Amid Donald Trump starting trade wars across the globe, the World Economic Forum just unveiled the United States has reclaimed the crown as the most competitive country in the world.
Every year WEF releases its benchmark Global Competitiveness Report that takes a look 98 indicators across 140 countries to determine the overall ranking. Each indicator uses a scale from 0 to 100, to signify how close an economy is to the ideal state or “frontier” of competitiveness. Those indicators are then organised into 12 pillars, such as health, skills, financial system, infrastructure, and institutions.
In addition, WEF this year used a new methodology to fully capture the new emerging dynamics of what fuels the global economy, which means including some other indicators that were not included before, such as diversity, workers rights, re-skilling, and press freedom.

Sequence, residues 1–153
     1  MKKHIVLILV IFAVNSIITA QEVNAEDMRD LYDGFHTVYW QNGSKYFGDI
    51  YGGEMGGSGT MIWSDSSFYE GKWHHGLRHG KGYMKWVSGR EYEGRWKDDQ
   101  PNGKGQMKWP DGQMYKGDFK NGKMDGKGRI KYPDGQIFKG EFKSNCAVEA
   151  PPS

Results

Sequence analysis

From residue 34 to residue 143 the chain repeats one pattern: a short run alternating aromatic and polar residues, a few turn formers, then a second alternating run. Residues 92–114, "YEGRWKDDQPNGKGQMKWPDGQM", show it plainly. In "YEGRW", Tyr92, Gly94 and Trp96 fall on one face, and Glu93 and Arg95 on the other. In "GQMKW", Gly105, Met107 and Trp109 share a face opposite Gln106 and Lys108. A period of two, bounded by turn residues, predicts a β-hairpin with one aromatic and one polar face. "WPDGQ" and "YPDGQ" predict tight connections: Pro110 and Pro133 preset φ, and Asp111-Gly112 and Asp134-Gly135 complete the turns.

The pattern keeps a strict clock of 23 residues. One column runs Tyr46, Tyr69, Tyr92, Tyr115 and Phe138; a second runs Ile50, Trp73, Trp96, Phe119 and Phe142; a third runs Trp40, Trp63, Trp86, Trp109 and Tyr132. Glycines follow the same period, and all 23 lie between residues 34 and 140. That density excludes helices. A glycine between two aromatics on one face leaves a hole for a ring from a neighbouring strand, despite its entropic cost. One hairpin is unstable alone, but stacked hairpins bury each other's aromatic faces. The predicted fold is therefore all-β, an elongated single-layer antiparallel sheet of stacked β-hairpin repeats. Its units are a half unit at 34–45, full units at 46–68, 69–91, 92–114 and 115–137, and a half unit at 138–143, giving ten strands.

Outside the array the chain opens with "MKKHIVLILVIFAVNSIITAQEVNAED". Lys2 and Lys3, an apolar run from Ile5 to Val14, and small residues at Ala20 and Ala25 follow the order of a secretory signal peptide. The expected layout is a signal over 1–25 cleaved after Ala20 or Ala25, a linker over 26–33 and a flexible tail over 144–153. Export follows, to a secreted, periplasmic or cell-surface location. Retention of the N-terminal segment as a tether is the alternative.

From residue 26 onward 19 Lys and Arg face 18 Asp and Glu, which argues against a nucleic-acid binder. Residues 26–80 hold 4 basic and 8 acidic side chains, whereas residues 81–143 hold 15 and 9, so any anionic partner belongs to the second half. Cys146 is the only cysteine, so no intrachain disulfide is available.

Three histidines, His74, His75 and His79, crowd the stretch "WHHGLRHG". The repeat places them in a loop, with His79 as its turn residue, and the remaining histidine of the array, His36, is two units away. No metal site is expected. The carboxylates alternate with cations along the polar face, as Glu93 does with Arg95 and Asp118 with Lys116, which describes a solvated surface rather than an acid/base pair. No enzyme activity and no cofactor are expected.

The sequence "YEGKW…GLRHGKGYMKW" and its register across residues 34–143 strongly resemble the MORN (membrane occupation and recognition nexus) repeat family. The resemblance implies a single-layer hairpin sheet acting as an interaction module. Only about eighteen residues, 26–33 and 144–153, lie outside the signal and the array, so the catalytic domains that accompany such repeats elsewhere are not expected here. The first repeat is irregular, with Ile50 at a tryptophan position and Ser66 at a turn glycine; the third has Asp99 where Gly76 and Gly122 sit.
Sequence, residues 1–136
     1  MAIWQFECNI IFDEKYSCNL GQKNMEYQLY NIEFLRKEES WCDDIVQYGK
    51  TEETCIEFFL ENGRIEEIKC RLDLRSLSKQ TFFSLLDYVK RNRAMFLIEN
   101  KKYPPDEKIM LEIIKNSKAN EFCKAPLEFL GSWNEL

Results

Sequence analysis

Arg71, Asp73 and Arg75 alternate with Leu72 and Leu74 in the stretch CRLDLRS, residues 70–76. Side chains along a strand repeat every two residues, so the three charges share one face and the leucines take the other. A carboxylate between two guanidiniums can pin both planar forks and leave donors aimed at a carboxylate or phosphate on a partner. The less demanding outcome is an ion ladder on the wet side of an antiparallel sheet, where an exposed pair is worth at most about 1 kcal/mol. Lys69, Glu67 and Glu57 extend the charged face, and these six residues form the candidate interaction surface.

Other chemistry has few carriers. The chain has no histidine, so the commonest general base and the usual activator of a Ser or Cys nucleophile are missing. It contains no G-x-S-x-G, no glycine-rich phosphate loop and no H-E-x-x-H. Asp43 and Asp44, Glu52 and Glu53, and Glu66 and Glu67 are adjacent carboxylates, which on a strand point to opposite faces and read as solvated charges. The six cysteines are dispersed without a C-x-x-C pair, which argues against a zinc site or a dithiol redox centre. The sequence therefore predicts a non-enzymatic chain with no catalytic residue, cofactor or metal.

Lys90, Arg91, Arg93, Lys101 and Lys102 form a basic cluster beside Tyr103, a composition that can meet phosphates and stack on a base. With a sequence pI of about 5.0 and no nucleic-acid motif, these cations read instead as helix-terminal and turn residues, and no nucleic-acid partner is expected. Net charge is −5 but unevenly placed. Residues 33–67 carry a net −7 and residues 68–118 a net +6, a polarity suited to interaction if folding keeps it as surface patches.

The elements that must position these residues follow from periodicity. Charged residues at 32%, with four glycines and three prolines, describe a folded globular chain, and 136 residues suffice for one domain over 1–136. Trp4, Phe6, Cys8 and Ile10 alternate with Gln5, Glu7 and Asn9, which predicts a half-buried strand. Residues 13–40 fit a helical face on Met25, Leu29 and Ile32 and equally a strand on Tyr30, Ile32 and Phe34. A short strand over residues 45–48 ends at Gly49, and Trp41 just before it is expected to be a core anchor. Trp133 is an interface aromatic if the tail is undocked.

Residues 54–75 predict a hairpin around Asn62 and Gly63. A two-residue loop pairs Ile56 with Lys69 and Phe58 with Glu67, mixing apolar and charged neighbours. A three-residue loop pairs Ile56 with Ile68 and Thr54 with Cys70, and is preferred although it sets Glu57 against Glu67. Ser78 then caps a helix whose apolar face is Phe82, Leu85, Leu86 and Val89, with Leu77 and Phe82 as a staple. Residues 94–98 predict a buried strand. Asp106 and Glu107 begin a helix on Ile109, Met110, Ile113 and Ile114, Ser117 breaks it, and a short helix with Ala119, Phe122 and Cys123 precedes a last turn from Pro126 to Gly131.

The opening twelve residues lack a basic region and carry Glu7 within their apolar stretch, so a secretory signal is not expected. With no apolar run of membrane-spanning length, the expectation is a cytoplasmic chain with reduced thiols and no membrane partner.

While the US is the country closest to the frontier of competitiveness with a score of 85.6 out of 100, it is only slightly ahead of Singapore:
WEF notes that the US’s notable “vibrant entrepreneurial culture” has boosted its labour market pillar, while also contributing to making the nation’s innovation ecosystem one of the best in the world — it’s only the second behind Germany.
“However, there are indications of a weakening social fabric (63.3, down from 65.5) and worsening security situation (79.1, 56th)—the United States has a homicide rate five times the advanced economies’ average,” said WEF in the report. “It is far from the frontier in areas such as checks and balances (76.3, 40th), judicial independence (79.0, 15th), and corruption (75.0, 16th).”